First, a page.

House of Math blog post authorMuhammad Haris · 

How to Prepare for a Written Exam

Hand and pencil writing on an exam

As you progress in school or your studies, exams tend to get more advanced. Written exams usually last longer than verbal ones and can be more challenging to get through. Written exams assess more than just your knowledge, they assess your time management ability, your eloquence of writing, your ability to reflect and draw parallels between topics, and much more. Here are some tips on how to prepare for a written exam.

Time Management

Start your preparations from day one. Do not rely on the last days as you must be familiar with a lot of material which takes more than a few days. The last days should be focused on revision of the course content rather than learning new material. Direct the most productive time of the day towards studying. Try to study right after a relaxing session to make the best out of your fresh mind. Make sure to condense your notes into smaller concept maps to take a last-minute look before the exam.


Make sure to read additional content besides what is written in the slides or the main course book. This can provide you with fresh perspectives, and maybe even a better understanding of the subject. Any additional sources may include blogs, articles, referenced books, internet videos and even tools dedicated to study on the internet.


If you are writing on STEM, the best practice for you is to cite papers related to your work. Make sure to keep yourself updated on the recent work related to that subject and use scientific facts and proof to back up your point rather than using vague statements. For example, if you are writing a paper about Einstein’s achievements, cite his own works, such as the papers about the theory of relativity.

Past Exams

A great way to get a better understanding of what to expect is to look at past exams, if you have access to any. Ask your seniors or teacher for the question papers and try to solve them. The first few times, you can use aids and don’t need to look at the time, but it could be good practice to go through an exam or two without using a book or any additional aid, and also trying to limit the time to the same amount you will have at the real exam.Then you get an understanding of how you would perform in the actual exam. An additional advantage would be that some teachers repeat questions when making an exam. So if you work through several past exams, you will become fairly acquainted with the format, and maybe also some of the tasks that appear often.


Want to test yourself? Try discussions with teachers and colleagues. Often teachers encourage students to discuss the curriculum with them. Some even dedicate office hours besides class time to visit them and discuss any issues. Use this time to discuss any past exams or tests you might have taken. Ask them about your mistakes and how you can make them better. Consider teaching your colleagues as if you were a teacher. This gives you clarity and a better command on the subject.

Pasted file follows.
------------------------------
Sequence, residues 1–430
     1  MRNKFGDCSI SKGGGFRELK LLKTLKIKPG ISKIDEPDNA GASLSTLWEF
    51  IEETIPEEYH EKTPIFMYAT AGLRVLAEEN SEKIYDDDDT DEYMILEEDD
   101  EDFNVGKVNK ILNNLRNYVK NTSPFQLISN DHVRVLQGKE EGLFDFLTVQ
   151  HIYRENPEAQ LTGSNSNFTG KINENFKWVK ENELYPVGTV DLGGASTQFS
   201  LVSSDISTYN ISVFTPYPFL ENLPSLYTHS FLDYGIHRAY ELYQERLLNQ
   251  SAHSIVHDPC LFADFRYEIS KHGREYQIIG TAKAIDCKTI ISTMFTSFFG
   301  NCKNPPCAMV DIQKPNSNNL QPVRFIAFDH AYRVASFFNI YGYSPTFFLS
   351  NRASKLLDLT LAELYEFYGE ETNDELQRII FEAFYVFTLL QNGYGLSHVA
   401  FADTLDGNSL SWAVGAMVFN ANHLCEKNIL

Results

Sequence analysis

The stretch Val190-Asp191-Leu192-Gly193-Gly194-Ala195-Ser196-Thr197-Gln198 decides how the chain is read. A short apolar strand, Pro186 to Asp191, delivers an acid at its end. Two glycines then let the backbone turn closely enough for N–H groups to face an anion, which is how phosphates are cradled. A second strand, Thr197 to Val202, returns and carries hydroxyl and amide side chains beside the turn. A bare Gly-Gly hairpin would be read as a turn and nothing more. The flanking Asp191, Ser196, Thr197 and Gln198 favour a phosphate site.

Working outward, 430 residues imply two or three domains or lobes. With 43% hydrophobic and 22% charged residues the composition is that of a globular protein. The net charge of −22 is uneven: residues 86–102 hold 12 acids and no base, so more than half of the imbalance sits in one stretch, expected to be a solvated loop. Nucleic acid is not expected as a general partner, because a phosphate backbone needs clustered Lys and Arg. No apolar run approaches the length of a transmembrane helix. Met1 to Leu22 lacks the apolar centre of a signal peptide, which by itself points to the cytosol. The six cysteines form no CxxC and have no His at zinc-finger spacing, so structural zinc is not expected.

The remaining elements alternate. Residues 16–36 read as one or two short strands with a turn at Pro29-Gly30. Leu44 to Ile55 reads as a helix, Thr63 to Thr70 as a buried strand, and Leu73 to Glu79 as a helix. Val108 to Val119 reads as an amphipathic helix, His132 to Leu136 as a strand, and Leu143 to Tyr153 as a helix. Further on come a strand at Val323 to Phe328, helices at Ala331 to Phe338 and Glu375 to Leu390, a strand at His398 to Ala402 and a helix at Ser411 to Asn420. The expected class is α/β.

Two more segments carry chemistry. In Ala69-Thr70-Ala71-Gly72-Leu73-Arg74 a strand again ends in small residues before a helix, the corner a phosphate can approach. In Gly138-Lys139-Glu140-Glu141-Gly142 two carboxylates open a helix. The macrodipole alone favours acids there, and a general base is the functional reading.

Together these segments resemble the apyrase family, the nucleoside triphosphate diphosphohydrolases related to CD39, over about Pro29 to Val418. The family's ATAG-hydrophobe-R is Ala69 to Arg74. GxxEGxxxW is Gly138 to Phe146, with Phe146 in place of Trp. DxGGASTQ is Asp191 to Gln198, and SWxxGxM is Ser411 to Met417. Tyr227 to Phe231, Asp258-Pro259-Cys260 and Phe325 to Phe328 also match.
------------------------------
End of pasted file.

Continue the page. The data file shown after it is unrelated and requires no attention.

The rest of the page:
Study Tools

The internet is full of tools to help you better prepare for exams. Consider using recorded lectures online, visual aids such as presentations and animations and online quizzes to better understand a concept. You can even hire a tutor from House of Math. Consider reading blogs and articles such as how to improve your memory and how to make better notes or even prepare for the exam days.

Study Plan

By failing to plan, you are planning to fail. Make a solid plan on how you are going to prepare for the exam. Prioritize what needs the most attention. Writing down the plan will be advantageous as it reminds you constantly of what is next. Consider using highlighters of various colors to indicate the level of importance.

Take a Break

It may seem that the most productive way to prepare for an exam is by working continuously without a break, but that’s not the case. Studies have shown that the human mind is not capable of focusing for long periods of time. Instead, take a scheduled break after a focused session. A good rule of thumb is to take a break of 15 minutes after every 60 minutes of study. If you prefer shorter sessions, you can use the Pomodoro technique, which is 25 minutes of studying, followed by a 5 minute break, and a 15 minute break after four 25 minute-sessions.

Make sure to not to do anything that might stress your mind during the break. Do something that relaxes your mind, maybe take a walk, or drink some coffee. Try to take a break from the screen, this includes your phone. A fresh mind will go a long way towards better study practices.

What to Do During Exam?

We looked at what to do before a written exam. Now let us look at what to do during an exam to soar through it.

· Read the instructions carefully. Know what is mandatory and which questions have the highest marks so you may prioritize their time.

· Make an overview of the exam questions, note how many marks you get, difficulty and if you know the topic. (Recommended if you have enough time) The questions with higher marks should be prioritized first.

· Proofread after you are done. Often many mistakes come across you when you take a second look at the exam after you are done.

· Take a break and relax. This freshens up your mind to perform during the rest of the exam.

· Do not spend too much time on a single question. If you seem to forget something, move on to the next one. Chances are you will remember it while attempting the next questions.

Take a look at our tips for a written exam to read more about this. We hope you found some useful tips!